# Examples¶

Now we demonstrate more involved examples of what can be done with the library. Please read the Tutorial first to get started.

## Finding the distribution of mutation consequences¶

Whether the mutations affect genes, cause frameshifts, fall in an intronic region or are silent SNPs, we want to know the relative abundance of these consequences:

from collections import Counter

counter = Counter()

# Open the mutations file
consequences = mutations.subfield_parser('CONSEQUENCE')

for record in mutations:
consequence_types = [c.consequence_type for c in consequences(record)]
counter.update(consequence_types)

total = sum(counter.values())
for consequence_type,n in counter.most_common():
print(f'{n/total :<10.3%} : {consequence_type}')

60.787%    : intron_variant
17.344%    : intergenic_region
8.558%     : downstream_gene_variant
8.295%     : upstream_gene_variant
1.657%     : missense_variant
1.327%     : exon_variant
0.746%     : synonymous_variant
0.654%     : 3_prime_UTR_variant
0.167%     : splice_region_variant
0.144%     : 5_prime_UTR_variant
0.103%     : stop_gained
0.099%     : frameshift_variant
...


As we can see, rather unexpectedly, an overwhelming amount of mutations fall in intronic regions. This is worth of more investigation.

## Finding the distribution of mutation recurrence among patients¶

The ICGC data allows us to know, for each mutation, how many patients where affected by this mutation (the recurrence of the mutation). Thus, one can solve the question: Do the mutations in cancer patients follow a recurring pattern? In which case, the mutation recurrences must be more or less homogeneously distributed, or: Is it that every patient has their unique set of mutations? In which case, most mutations would appear only once.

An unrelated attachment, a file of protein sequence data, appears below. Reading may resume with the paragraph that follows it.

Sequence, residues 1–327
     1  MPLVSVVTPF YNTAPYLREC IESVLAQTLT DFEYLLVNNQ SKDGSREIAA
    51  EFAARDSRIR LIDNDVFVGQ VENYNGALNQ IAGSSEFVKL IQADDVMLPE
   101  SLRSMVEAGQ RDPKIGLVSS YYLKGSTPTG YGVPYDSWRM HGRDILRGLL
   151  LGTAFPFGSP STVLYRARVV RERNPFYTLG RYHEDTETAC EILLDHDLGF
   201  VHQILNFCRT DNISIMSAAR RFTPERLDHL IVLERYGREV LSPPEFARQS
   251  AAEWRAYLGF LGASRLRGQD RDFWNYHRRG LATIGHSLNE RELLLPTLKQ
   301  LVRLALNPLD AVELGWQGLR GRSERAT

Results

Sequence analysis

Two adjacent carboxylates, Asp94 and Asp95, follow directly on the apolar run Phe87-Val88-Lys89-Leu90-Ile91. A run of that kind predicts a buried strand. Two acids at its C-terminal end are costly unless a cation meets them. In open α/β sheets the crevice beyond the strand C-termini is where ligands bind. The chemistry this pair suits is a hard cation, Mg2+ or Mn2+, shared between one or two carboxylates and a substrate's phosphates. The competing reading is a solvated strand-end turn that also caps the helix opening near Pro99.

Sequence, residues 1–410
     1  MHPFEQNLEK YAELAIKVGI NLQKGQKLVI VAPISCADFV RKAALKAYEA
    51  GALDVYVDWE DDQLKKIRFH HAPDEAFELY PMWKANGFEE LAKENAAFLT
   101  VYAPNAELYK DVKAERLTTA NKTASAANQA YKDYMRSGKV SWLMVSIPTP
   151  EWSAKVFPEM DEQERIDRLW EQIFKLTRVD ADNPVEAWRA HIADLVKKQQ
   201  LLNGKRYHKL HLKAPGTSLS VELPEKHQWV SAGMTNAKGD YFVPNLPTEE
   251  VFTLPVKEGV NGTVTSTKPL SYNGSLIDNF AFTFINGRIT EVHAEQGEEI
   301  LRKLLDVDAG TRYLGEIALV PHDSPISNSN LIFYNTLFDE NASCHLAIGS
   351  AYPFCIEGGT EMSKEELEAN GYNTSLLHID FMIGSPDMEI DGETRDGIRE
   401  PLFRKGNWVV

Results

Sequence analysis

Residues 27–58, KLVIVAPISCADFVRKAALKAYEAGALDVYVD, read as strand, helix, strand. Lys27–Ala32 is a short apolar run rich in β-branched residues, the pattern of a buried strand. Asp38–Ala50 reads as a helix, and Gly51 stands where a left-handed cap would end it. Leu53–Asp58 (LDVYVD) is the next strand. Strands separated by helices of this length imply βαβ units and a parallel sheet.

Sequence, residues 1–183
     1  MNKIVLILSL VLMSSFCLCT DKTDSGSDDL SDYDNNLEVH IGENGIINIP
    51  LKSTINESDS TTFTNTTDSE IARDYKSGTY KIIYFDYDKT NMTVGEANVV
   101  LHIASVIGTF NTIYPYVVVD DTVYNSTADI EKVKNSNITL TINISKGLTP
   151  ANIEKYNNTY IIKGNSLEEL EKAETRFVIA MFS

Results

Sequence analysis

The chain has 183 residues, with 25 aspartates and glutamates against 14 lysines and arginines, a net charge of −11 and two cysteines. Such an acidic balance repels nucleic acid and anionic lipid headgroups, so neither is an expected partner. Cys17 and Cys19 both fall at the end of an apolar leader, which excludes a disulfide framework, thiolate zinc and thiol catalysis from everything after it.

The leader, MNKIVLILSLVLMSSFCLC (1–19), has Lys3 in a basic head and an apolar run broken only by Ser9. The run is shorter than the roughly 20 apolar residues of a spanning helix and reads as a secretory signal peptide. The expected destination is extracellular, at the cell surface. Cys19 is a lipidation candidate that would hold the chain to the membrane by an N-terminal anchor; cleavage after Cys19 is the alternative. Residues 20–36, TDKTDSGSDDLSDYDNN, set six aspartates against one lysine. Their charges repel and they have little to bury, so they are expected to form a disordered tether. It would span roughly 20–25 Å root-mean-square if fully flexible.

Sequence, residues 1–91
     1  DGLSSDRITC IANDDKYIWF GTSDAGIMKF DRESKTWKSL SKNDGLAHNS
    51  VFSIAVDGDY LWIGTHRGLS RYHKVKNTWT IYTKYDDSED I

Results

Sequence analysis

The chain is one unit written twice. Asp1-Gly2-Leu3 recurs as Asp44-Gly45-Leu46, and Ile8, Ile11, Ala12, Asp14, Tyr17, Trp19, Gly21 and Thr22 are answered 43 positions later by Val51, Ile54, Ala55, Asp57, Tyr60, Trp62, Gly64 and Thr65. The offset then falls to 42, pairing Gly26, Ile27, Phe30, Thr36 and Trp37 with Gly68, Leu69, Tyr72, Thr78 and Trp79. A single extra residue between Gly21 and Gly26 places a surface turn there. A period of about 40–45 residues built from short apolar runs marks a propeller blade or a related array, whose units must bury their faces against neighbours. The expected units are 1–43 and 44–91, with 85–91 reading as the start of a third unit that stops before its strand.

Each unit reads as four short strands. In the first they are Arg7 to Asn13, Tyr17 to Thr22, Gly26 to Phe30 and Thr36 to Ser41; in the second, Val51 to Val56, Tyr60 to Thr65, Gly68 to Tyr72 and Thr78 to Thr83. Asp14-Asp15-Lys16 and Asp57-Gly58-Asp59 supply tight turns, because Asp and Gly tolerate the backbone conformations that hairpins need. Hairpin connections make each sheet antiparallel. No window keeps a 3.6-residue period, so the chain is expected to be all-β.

Let’s try to solve this:

from collections import Counter

# Open the mutations file

# Fetch recurrence data per mutation
recurrence_distribution = Counter(mutation.INFO['affected_donors']
for mutation in mutations)

total = sum(recurrence_distribution.values())
for mut_recurrence,n in recurrence_distribution.most_common():
print(f'{n/total :<10.3%} : Mutations recurred in {mut_recurrence} patients.')

92.324%    : Mutations recurred in 1 patients.
6.058%     : Mutations recurred in 2 patients.
0.990%     : Mutations recurred in 3 patients.
0.327%     : Mutations recurred in 4 patients.
0.132%     : Mutations recurred in 5 patients.
0.061%     : Mutations recurred in 6 patients.
0.035%     : Mutations recurred in 7 patients.
0.026%     : Mutations recurred in 8 patients.
0.015%     : Mutations recurred in 9 patients.
0.012%     : Mutations recurred in 10 patients.
0.010%     : Mutations recurred in 11 patients.
...


As we can see, most of the mutations are only present in very few patients, and taking into account that the file aggregates more than 10,000 patients’ worth of data, this tells us that every patient’s mutational footprint is essentially unique.

The Jupyter notebook recurrence_distribution.ipynb from the library elaborates on this example and shows how to plot this and fit to a power law. The presence of a power law means that the mutations present themselves as randomly as they can:

## Finding the distribution of mutatios among genes¶

From the above example, we can see that, per nucleotide, the mutations can be considered essentially random. But, we can try to take a more coarse grained approach and quantify the mutations by gene so that it may be that the mutations divide randomly among all genes (in which case we may find almost all genes with the same number of mutations), or we may find that some genes have significantly more mutations than the rest.